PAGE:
How Much Does It Cost To Save a Life?

Published: April 2024 (February 2024 version)

GiveWell makes grants to fund some of the most cost-effective programs we’ve found at saving lives.

Because the initial outputs of these grants are so inexpensive (for example, it costs about $7 to distribute preventive malaria treatment to a child through one malaria season), many people are surprised at how expensive it can be to save a life, even for the most cost-effective programs. Over the past several years, our models for grants to our Top Charities have typically estimated an average cost between $3,000 and $5,500.1
We hope that this example helps illustrate the discrepancy in cost between the initial outputs and the cost to save a life.

This example does not reflect what we estimate this program's cost to save a life will be in the future. We generally expect the cost to save a life to increase over time.

The cost to save a life for one grant

Below we’ll explain our 2024 estimate for how $3,000 could save a life in Nigeria by funding the distribution of preventive malaria treatments through Malaria Consortium. Malaria Consortium delivers monthly courses of antimalarial medicines in locations where malaria is highly seasonal. The numbers below are based on a $6.4 million grant to Malaria Consortium we approved in 2023 and funded with our Top Charities Fund. We estimate this grant will provide more than 4.6 million monthly courses of preventive malaria medication and save more than 2,000 lives.

We chose to highlight this grant because it’s fairly representative of many of the grants we make: it funds a program we’ve supported for years in a region we expect to continue supporting in the future. This grant may be more cost-effective than our average grant, and our best guess for the cost-effectiveness of this specific grant may evolve over time.2 Nevertheless, the general approach described here illustrates our high-level process for estimating the impact of our grants.

What $3,000 could accomplish with Malaria Consortium in Nigeria

Metric Explanation
Step One: 2,189
monthly courses of preventive malaria treatment delivered
The cost of delivering one monthly course (or "cycle") of treatment is about $1.37, so $3,000 in donations can fund the delivery of about 2,189 cycles of medication.3
Step Two: 498
children protected by the treatments for the high-transmission season
Courses of preventive malaria medication are delivered over either a four-month or five-month period, depending on the intensity of malaria seasonality in each state. On average, there are 4.4 monthly cycles delivered, so 498 children under the age of five will receive treatments for the full high-transmission season.4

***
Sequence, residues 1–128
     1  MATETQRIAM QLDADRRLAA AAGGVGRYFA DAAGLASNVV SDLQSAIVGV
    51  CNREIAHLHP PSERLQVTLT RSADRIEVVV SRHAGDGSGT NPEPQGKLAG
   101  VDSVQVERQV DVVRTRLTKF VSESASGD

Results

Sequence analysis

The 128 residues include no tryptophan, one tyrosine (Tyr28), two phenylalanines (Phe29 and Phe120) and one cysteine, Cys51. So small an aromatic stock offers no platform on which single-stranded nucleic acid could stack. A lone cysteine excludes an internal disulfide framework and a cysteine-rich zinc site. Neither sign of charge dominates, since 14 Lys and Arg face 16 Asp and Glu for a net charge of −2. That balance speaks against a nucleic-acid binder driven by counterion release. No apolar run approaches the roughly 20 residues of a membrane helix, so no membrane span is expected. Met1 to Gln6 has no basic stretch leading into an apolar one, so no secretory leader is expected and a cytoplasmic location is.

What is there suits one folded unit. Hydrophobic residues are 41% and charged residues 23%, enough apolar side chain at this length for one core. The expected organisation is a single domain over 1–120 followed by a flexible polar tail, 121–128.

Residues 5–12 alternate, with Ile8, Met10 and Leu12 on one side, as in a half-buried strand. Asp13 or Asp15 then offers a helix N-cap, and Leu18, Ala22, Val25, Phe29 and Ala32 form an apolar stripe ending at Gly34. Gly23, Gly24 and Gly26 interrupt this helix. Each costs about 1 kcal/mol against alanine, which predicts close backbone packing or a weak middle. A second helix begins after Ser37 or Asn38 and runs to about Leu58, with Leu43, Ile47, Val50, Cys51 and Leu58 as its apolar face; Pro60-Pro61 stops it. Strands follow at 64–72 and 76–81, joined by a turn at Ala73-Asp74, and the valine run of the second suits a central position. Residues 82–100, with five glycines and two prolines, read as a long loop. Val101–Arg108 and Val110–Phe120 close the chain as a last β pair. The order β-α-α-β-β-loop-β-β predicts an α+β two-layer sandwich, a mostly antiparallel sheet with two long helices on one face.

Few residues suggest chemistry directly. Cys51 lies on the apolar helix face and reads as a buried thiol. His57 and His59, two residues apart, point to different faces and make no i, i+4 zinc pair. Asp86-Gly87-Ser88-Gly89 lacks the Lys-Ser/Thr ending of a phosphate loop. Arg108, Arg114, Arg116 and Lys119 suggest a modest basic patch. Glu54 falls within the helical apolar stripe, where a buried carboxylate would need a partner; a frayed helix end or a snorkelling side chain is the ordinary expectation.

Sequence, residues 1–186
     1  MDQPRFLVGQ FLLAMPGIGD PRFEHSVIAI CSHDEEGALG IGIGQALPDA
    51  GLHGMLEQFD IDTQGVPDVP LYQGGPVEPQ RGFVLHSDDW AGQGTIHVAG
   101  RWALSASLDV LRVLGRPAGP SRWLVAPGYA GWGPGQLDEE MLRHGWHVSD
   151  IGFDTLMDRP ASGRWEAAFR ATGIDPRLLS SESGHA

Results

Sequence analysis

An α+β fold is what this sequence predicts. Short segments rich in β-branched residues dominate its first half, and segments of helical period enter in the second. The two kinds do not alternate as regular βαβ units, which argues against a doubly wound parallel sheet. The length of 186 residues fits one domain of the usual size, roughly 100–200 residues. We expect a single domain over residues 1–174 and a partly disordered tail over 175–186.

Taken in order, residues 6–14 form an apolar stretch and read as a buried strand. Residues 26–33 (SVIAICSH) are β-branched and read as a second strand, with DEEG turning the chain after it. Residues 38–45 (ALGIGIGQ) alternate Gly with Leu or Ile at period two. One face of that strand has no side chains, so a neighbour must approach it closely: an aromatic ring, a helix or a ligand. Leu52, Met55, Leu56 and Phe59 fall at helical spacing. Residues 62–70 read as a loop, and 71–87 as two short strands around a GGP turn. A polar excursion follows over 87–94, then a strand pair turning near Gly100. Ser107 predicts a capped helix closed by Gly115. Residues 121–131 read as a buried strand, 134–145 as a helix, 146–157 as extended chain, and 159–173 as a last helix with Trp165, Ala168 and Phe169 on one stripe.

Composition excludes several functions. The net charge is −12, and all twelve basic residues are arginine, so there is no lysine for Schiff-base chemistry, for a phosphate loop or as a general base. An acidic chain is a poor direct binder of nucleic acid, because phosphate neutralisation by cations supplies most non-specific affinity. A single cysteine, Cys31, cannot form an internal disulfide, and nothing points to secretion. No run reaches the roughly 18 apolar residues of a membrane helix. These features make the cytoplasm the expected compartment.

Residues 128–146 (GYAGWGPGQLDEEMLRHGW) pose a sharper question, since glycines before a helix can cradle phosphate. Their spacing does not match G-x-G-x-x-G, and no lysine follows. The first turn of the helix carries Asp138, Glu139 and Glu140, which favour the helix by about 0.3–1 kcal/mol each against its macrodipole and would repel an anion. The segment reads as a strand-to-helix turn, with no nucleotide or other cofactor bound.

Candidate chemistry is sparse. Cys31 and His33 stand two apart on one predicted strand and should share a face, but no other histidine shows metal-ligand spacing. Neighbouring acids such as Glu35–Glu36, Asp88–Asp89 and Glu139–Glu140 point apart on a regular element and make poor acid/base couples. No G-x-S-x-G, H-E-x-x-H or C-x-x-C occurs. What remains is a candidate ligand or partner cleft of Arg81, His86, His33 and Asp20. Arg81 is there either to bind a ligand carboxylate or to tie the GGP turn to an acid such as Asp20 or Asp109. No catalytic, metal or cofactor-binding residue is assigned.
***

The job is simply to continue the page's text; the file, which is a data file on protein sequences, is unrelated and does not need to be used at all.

Step Three: 4.1
children in the protected population5 are expected to die from malaria6 every year
In order to estimate how many lives the treatments might save, we first need to know how many people in this population would have died of malaria without them. The mortality rates and population dynamics in Nigeria suggest that 4.1 children from this population—including both the 498 treated children as well as older children—would die from malaria.7
Step Four: 2.9
of those deaths are expected to occur during the high-transmission season
Based on guidance from the World Health Organization on treatment eligibility and the results of an academic study, we roughly estimate that about 70% of annual malaria deaths in Nigeria occur in the high-transmission season during which the preventive malaria treatments provide protection.8
Step Five: 1.3
lives are saved by the preventive malaria treatments
Based on the results of academic studies9 on their effectiveness, we estimate that SMC will reduce these deaths by 46%. In our initial estimate, this donation will avert 1.3 deaths.10
Step Six: 1.0
life is saved by this donation once we account for its effect on other funders
Donations can affect the behavior of other funders. In this case, we expect this $3,000 donation will cause other funders to shift some amount of their giving from preventive malaria treatments to other programs. We account for that to give a true estimate of impact. Once we adjust for the impact of that reduced funding, we estimate that this donation will save one life.11 You can read more about how we account for the behavior of other funders here.

Other benefits

That $3,000 donation may also accomplish some additional outcomes that are not explicitly incorporated into the above cost-effectiveness outline. These benefits include:

  • Potential economic effects. Some evidence suggests that averting a case of malaria in children will allow those children to earn more money later in life. As of December 2023, we estimate that these benefits account for approximately 20% to 35% of the total modeled benefits for this intervention in Nigeria (varying by location).12
  • Averted non-fatal malaria infections. Non-fatal infections can still cause a significant amount of suffering, including potentially significant neurological and cognitive impairments or anemia.13
  • Averted medical costs. Antimalarial medicine may also avert costs for households and the medical system by not needing to treat additional cases of malaria.14

You can find more information about other benefits and downsides that are not explicitly modeled here.
We hope that this was helpful to understand, at a very high level, some of the concepts that we incorporate and the judgments we make in our research. If you have any feedback for us, please fill out this form.


Document Source
GiveWell, "Seasonal malaria chemoprevention," 2024 Source
GiveWell, Simplified cost-effectiveness analysis, 2024 Source

Source URL: